Of all the states to legalize this year, Maine sports betting might get the award for coming out of nowhere.
Sure, there was a lot of interest in the state, evidenced by the introduction of seven bills to authorize sports betting.
But none of them went anywhere until, like a Stephen King plot twist, LD 553 cleared a committee and two chambers in the final two days of the legislative session.
The Joint Committee on Veterans and Legal Affairs crafted the bill late in the session from the best elements of each previously introduced bill. Sen. Louis Luchini and Rep. Scott Strom, ranking minority member of the committee, served as sponsors.
Legal Sports Report spoke with House sponsor Strom about how Maine ended up with the lowest licensing fee of any state with multiple operators in the recent wave of legalization, the familiar issue that almost derailed the bill, and why he’s sure that the governor won’t veto the legislation.
Online operators win this round
Just like in Illinois, a battle between brick-and-mortar establishments, online operators like DraftKings Sportsbook and FanDuel Sportsbook became the issue as the Maine sports betting bill neared the finish line.
Illinois tethered the online operators to retail locations for the first 18 months, restricted their use of branding in such partnerships, and made it at least twice as costly for them to eventually get mobile/online licenses.
The 11 brick-and-mortar gambling establishments in Maine — two commercial casinos, four tribal casinos, one racetrack and four off-track betting (OTB) parlors — asked for similar terms.
“Casinos were fighting us right up until the vote passed,” Strom said. “They fought for tethering because they felt DraftKings and FanDuel are going to have an advantage over them. When they couldn’t get that, they tried to get a two-year headstart but didn’t pick up any traction with that.”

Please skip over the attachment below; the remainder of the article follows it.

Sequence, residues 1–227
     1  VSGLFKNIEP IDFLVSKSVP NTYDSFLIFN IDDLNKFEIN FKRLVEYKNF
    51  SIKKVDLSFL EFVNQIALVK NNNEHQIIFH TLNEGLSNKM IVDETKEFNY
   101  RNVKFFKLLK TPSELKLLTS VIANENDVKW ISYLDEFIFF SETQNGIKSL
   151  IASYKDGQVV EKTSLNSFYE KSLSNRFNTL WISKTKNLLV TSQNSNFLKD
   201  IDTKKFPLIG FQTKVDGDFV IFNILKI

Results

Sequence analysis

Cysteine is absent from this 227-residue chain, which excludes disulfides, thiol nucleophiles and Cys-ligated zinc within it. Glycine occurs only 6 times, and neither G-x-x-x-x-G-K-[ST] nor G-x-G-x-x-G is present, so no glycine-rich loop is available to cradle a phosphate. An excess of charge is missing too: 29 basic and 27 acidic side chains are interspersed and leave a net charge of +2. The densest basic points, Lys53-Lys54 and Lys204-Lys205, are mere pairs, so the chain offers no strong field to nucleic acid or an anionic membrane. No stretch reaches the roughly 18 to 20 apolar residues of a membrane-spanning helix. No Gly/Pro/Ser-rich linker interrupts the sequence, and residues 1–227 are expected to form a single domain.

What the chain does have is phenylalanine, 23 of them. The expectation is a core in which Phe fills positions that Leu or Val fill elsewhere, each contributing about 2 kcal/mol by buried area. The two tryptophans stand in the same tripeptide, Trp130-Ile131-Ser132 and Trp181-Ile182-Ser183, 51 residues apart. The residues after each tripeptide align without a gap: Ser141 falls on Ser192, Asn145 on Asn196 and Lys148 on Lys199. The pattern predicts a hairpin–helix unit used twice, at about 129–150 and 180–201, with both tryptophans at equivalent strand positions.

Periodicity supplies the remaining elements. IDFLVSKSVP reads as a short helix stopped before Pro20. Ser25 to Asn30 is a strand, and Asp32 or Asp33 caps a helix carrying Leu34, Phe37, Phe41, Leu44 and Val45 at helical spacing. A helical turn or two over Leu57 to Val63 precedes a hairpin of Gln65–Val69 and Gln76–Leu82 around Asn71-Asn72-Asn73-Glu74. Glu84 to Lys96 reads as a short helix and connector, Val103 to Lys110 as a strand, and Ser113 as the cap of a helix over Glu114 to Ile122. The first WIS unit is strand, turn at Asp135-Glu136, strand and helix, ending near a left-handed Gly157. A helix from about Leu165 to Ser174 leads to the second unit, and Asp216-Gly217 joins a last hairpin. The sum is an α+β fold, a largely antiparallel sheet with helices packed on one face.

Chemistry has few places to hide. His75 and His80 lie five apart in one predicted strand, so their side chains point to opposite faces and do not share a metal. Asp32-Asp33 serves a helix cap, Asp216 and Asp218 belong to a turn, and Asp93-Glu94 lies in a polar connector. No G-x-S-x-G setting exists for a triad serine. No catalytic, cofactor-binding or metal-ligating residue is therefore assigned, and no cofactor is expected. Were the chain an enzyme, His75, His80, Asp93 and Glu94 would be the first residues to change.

While the bill passed easily enough in the House that only a voice vote was needed, the question of how to handle mobile-only sites nearly derailed the bill in the Senate, where it passed by a 19-15 vote.
“That’s what made the Senate vote close, that members were trying to help the brick-and-mortars,” Strom said. “But we felt DraftKings and FanDuel have been good operators in the state on daily fantasy sports and should be allowed to continue operating on their own with sports betting.”
Tiered tax compromise prompts Maine passage
Strom pointed out that New England Patriots owner Robert Kraft owns a percentage of DraftKings. That could have been a reason why DraftKings Sportsbook and FanDuel Sportsbook were treated better by lawmakers in Maine than Illinois.
He added that lawmakers also felt that tethering would give the two OTBs an unfair advantage that negated their competition concerns.
Ultimately, the legislature offered a compromise to create a higher tax rate for mobile/online wagering at 16% compared to 10% for retail, accounting for that mobile operators aren’t paying property taxes in the state. There is no limit on mobile/online licenses.
It costs how much for a Maine sports betting license?
Legislators put Maine’s initial license fee at a mere $2,000. The rate is so much lower than other states that LSR originally thought it must be a typo leaving out a zero.
Strom assured that the figure is accurate. He explained that Milton Champion, director of the Gambling Control Unit that will regulate sports betting in Maine, made the recommendation for the licensing fee.
“I think the rationalization was that they have licenses already,” Strom said. “They have licenses to do everything else in a casino, harness racing and everything else. This is just to add sports betting.”
Governor already declined to veto sports betting
As soon as the legislature adjourned Thursday morning, Strom indicated that Gov. Janet Mills vetoed a batch of bills to give legislators the courtesy of responding to the vetoes immediately while still assembled.
Legal sports betting wasn’t among the bills vetoed, which Strom sees as an indication that the governor plans to allow the bill to become law.
“As far as we’re aware, any vetoes she was going to issue were issued,” Strom said. “She didn’t veto it, so we’re pretty confident she’ll sign.”
Mills has 10 business days to act on the bill, making the deadline around July 3.
Kickoff could be right around kickoff
The law would go into effect 90 days after the bill passed, meaning Maine could start issuing licenses late in September.
Strom noted that Champion expressed confidence at committee meetings that Maine sports betting could be up and running quickly in the state.
“I kept joking with him that I’m a Dallas Cowboys fan, so it needs to be ready by the time the Cowboys play the Patriots in November, and he assured me it would be,” Strom said.